Medicare for All Revisited

Awhile back I wrote about the many issues with “Medicare for All.” Dr. J. Deane Waldman, a
University of New Mexico professor in the Health Sciences Center, offers a few “inconvenient truths” about Medicare.

Medicare was intended to be self-sustaining by having workers pay in while employed and taking out of the fund as needed after they retired. It was supposed to pay for itself: no additional funds required. Hah!

Inconvenient truth #1: Medicare quickly became a Ponzi scheme just like Social Security. According to the Government Accounting Office, Medicare will run out of funds in 2017, even before Social Security. The addition of President Bush’s ill-conceived Drug Program For Seniors sped up a process of collapse by adding another (unpaid for by the contributors) entitlement. Medicare-for-all will be no care for all.

Medicare tries to contain its costs in two ways: neither works and neither is what patients want. First, it rations care. Yes, I said it. Many things your doctor would like for you are denied as not “cost effective.”

Let’s just ignore inconvenient truth #2, that there are at present virtually no scientific cost effectiveness studies on which the government denies payment. Denying payment means denying care and thus again, Medicare-for-all is no care for all.

Inconvenient truth #2A: Beware of what President Obama is touting as cost-effectiveness studies in the proposed health care reform bill. Just like in Great Britain and Australia, what the government defines as effective is often not what patients and doctors want as positive effects.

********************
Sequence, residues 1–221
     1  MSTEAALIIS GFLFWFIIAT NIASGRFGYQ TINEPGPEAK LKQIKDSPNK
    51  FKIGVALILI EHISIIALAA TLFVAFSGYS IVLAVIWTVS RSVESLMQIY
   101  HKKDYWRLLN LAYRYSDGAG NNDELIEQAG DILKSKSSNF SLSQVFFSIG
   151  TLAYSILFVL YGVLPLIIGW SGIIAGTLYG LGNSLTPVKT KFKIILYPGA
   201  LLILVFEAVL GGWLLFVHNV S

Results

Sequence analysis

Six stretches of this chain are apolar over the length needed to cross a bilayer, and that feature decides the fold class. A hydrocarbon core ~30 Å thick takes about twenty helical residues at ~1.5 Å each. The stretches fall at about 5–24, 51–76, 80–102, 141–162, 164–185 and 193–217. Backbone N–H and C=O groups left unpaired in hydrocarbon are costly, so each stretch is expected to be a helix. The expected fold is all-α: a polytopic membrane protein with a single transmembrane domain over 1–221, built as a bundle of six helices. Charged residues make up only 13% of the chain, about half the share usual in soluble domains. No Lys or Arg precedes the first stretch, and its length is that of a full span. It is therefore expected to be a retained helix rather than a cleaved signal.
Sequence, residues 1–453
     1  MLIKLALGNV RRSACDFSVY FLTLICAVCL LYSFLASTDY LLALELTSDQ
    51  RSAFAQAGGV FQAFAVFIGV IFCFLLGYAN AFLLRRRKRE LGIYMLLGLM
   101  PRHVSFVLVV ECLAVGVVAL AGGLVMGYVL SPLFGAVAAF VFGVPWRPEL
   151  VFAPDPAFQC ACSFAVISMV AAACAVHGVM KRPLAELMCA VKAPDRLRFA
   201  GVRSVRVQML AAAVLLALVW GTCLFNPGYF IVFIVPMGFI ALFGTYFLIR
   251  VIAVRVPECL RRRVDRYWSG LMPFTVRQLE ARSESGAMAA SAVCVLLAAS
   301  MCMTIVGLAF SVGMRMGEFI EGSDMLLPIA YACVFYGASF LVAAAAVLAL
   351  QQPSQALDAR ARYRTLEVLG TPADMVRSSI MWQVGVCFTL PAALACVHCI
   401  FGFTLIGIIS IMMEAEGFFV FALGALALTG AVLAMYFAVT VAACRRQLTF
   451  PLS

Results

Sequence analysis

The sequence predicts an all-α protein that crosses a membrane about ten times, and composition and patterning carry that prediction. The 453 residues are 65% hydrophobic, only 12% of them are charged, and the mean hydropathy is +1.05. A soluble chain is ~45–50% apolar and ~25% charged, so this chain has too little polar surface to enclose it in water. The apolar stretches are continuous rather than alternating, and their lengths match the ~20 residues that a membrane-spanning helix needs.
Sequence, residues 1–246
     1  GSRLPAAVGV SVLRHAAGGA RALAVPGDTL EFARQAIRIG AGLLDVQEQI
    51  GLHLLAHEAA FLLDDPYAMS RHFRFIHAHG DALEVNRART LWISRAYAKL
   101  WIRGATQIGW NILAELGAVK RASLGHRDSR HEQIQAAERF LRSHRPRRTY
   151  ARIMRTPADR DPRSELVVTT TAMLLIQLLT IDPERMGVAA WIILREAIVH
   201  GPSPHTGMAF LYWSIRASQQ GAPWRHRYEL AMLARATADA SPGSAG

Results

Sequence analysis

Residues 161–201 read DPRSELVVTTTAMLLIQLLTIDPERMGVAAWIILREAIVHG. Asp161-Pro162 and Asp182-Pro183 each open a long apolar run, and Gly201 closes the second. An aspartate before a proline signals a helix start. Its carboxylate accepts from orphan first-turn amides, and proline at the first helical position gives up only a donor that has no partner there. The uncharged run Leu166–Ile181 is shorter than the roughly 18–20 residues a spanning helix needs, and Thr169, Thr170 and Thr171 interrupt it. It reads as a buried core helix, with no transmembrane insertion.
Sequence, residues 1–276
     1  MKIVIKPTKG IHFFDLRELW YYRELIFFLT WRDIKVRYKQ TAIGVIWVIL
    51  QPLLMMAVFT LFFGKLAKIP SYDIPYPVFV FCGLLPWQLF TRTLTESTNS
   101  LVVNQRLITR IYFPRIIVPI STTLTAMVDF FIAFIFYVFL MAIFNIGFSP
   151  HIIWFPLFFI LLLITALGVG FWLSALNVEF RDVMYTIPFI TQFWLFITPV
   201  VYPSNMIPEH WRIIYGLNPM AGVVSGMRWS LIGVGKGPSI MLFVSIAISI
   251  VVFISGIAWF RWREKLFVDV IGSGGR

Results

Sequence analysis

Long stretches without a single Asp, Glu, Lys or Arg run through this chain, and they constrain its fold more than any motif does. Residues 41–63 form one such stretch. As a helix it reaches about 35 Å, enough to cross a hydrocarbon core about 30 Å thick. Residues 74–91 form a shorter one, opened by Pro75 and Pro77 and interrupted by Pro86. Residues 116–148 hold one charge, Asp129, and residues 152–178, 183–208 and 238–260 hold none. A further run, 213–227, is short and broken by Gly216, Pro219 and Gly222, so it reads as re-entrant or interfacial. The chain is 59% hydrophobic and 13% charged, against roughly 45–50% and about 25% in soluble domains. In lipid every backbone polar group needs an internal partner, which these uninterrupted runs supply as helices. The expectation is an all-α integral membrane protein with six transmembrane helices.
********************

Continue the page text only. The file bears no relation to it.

While the “public option ” seems to be dead for now, it will inevitably come back again. Professor Waldman’s points are highly persuasive.

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2 Replies to “Medicare for All Revisited”

  1. You forgot one Medicare truth which is the most important to the American public: it is a wildly popular program.

    Keep comparing the public option to Medicare for all.

    The public option is already popular with a majority of the public, tying it to an even more popular program is a great move to pass the public option.

  2. Richard,

    Medicare is only wildly popular among those who are able to loot future generations to pay for it. Most of the rest of us are either ignorant of the real financial problems facing Medicare — Today, the unfunded liability of Medicare works out to more than $700,000 for each family in America — or are not able to vote on the issue (usually both). Expanding Medicare to all Americans would only hasten the day when America is totally unable to pay its bills.

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